John McDonald

John McDonald grew up in Alabama in the small town of Citronelle, near Mobile. From the time he was a child, he wanted to be a priest.

It was the summer of 2002 when a young John McDonald arrived in Anniston as a seminarian. As part of his theological studies, he spent a month working alongside the parish priest at Sacred Heart of Jesus Catholic Church.

“Being a student of theology is not just about book education,” he said recently. “It’s also about formation; being docile enough to observe and learn and become the type of priest Jesus wants us to be.”

Seventeen years later, the Rev. John McDonald has returned to Anniston as Sacred Heart’s new pastor.

Growing up in Alabama

McDonald, age 43, was raised in Alabama in the small town of Citronelle, some 30 miles north of Mobile. At age 6, he was an altar server in his church, a small Episcopal parish with a tight-knit congregation. So small that sometimes there would only be 15 people in attendance.

From the time he was a child, he knew he wanted to become a priest. “As I grew older, my viewpoint of the priesthood changed as my life changed.”

After high school, McDonald relocated to New Orleans, where he studied history and English at Loyola University. While there, he was surrounded by Catholic students who impressed him with their devotion to their faith.

“It would be 9 p.m. on a Sunday night and they’d say, ‘Come on, let’s go to mass,’” he remembered.

As a result, he found himself drawn to the Roman Catholic Church and became a convert. Although he’s not overly fond of that word — “convert.” Whether one is a convert or a cradle Catholic, “we are all baptized into the same faith,” he said. “We all worship the same Lord. We have just been drawn into fuller communion with the Catholic Church.”

After graduation from Loyola, McDonald was living what he called “a nice settled life,” working a good job with SouthTrust Bank and finding his way in the world, not knowing what was next.

“I was lying in bed one night, saying my prayers, wondering where my life was headed, what did I need to do,” he said. “The response I heard was clear, a voice that said, ‘You wanted to be a priest, why don’t you see about that?’”

And he did.

Speaking at the pope’s funeral

In 2001, he was off to seminary at Mount St. Mary’s in Maryland, studying philosophy. “It’s important to train a man to think before he can properly reflect on the things of God,” he said.

Two years into seminary, he was selected by the Catholic Diocese of Birmingham to study theology in Rome. McDonald boarded a plane with 44 other seminarians selected from dioceses around the country. They were called “New Men.”

During McDonald’s days at the Vatican, Pope John Paul II fell ill and died. Around the world, Catholics and Protestants alike mourned the loss of this beloved Pope. As the funeral mass was being planned, McDonald was surprised to learn he would be a lector.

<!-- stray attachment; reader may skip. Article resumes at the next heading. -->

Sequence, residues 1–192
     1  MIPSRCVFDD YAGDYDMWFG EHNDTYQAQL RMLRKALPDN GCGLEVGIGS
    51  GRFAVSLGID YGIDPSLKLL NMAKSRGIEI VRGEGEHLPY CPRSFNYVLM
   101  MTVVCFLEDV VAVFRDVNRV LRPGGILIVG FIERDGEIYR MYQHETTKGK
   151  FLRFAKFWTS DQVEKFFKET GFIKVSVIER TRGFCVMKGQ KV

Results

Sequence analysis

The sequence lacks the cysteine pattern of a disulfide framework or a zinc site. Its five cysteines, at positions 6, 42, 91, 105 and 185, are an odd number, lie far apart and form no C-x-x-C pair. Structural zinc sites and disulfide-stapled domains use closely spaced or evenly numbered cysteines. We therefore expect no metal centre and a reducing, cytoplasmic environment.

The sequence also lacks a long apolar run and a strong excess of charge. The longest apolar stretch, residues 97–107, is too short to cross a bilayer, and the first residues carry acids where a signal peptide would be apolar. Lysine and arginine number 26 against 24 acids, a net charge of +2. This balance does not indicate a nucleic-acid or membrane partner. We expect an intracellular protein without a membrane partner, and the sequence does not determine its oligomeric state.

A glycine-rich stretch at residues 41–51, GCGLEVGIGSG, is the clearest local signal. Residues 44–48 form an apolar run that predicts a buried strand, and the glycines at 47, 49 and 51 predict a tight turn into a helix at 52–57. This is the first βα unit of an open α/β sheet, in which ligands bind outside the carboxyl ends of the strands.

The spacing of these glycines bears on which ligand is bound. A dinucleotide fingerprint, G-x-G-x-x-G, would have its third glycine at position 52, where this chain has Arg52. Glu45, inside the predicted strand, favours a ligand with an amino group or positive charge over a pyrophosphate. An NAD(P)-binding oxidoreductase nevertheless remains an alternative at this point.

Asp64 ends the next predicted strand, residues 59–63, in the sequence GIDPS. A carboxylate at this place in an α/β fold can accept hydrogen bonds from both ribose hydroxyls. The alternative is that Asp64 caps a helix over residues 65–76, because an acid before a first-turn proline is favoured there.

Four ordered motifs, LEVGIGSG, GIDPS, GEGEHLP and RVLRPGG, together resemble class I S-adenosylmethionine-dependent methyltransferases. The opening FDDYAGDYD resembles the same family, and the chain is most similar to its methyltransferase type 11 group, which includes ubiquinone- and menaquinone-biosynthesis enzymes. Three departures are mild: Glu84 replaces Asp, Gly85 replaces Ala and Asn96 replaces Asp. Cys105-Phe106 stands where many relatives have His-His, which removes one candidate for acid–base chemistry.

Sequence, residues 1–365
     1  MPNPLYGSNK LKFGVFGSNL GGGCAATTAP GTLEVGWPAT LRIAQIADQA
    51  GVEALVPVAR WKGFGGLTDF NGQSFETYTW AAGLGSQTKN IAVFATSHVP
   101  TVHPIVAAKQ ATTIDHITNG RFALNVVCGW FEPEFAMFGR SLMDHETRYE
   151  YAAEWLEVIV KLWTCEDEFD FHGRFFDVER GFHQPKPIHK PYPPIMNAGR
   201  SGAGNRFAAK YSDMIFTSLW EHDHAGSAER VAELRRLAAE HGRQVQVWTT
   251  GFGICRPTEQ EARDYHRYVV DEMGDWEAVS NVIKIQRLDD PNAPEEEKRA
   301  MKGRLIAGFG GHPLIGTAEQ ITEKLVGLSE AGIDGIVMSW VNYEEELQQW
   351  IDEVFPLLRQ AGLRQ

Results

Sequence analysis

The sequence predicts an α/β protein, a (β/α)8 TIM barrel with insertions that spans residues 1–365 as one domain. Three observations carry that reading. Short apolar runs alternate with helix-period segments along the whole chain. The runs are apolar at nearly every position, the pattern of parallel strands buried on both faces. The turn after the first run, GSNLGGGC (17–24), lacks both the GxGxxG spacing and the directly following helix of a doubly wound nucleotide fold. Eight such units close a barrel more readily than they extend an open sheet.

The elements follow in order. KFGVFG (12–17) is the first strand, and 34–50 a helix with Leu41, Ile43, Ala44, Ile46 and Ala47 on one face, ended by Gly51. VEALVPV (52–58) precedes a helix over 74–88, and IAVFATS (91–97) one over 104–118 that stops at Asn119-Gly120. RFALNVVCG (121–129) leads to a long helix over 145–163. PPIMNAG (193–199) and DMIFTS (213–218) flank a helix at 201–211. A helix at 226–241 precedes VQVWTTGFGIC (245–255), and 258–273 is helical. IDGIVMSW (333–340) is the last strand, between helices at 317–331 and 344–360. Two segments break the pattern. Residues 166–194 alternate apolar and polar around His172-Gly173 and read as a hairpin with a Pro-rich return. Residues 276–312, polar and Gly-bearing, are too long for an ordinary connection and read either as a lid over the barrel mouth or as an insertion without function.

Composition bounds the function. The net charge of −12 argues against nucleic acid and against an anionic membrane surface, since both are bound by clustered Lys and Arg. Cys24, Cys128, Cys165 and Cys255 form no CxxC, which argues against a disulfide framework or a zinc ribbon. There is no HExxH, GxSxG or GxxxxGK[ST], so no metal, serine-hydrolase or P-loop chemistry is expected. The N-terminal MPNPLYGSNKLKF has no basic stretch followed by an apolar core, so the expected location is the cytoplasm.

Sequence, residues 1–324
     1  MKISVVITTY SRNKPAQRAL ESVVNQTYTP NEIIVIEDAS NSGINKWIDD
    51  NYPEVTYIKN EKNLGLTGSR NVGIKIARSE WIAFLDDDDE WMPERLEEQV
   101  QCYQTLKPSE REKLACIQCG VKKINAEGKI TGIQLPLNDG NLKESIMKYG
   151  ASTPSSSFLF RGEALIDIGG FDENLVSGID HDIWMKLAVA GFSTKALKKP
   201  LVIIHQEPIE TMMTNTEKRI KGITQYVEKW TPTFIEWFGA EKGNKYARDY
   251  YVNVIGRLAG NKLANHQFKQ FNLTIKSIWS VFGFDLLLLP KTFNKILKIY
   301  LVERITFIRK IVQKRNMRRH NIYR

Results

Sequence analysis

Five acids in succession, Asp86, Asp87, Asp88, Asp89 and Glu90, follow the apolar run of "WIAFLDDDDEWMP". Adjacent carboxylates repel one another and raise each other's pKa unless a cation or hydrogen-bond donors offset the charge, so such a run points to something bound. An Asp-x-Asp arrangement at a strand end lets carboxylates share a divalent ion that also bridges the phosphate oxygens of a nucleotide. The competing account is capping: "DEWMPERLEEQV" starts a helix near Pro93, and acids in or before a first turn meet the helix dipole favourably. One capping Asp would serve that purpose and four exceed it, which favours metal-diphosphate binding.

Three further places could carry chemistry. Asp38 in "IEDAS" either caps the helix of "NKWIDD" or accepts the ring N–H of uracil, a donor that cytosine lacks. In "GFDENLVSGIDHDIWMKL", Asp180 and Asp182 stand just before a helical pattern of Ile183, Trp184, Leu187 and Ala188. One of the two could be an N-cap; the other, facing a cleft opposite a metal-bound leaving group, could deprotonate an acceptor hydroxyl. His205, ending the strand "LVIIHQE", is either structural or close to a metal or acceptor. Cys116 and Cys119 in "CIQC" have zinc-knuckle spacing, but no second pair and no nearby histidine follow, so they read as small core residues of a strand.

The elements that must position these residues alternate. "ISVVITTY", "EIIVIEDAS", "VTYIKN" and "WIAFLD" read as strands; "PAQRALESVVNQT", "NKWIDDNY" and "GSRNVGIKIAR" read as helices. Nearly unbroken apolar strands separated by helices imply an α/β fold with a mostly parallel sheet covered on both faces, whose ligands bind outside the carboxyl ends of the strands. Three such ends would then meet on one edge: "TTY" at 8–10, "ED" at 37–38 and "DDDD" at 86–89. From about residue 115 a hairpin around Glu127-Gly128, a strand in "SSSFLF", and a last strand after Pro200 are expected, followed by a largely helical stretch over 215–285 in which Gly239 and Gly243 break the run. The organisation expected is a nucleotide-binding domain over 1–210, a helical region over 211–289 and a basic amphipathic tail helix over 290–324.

“I have no idea why they chose me,” he said, but he embraced the charge.

Standing before a crowd of 500,000 people in St Peter’s Square, as well as television cameras broadcasting to more than a billion viewers worldwide, he read a passage from the Letter to the Philippians.

Any nervousness he had beforehand vanished when he rose to speak, he said. “I prayed to the Holy Spirit, and a calm came over me.”

Leading an Hispanic ministry

McDonald was ordained into the priesthood on June 16, 2007, at St. Paul’s Cathedral in Birmingham. In the years that followed, he took on an assortment of positions within the diocese, including assignments in Hoover and Birmingham.

He also served as the Vicar for Hispanic Ministry. He speaks fluent Spanish, as well as Italian and French.

In 2009, he took over as principal of John Carroll Catholic High School in Birmingham, where he once worked as a teacher. “I enjoyed teaching very much,” he said. “Children know when you have their best interests at heart.”

Five years later, he was named Director of Catholic Education and Lifelong Formation, where he oversaw educational programs for adults and youth at all of the churches within the diocese.

He encouraged those working in such ministries to not be too controlling. “Leave space for Jesus to do his work,” he told them.

Teaching young priests

In 2016, McDonald found himself heading back to the Vatican to serve as a homiletics professor at the Pontifical North American College in Rome. Simply put, he taught young priests how to preach.

In so doing, he advised his students to be docile when selecting scripture to convey their messages. “To be open and ready to receive what comes through them from the Holy Spirit,” he said. “To be used with the gifts and talents they have themselves, in order to be a perfect follower of the Father’s will.”

Upon his return to Anniston, McDonald will oversee the parish in Golden Springs and also Sacred Heart’s 3K-12 school at McClellan.

“I’m pleased to be here and look forward to working with others to serve God through Eucharistic communion,” he said. “And to Sacred Heart being a beacon of Christ’s presence in the community.”

Donna Barton is a columnist for the Star. Her column appears Sundays in the Life & Arts section. Contact her at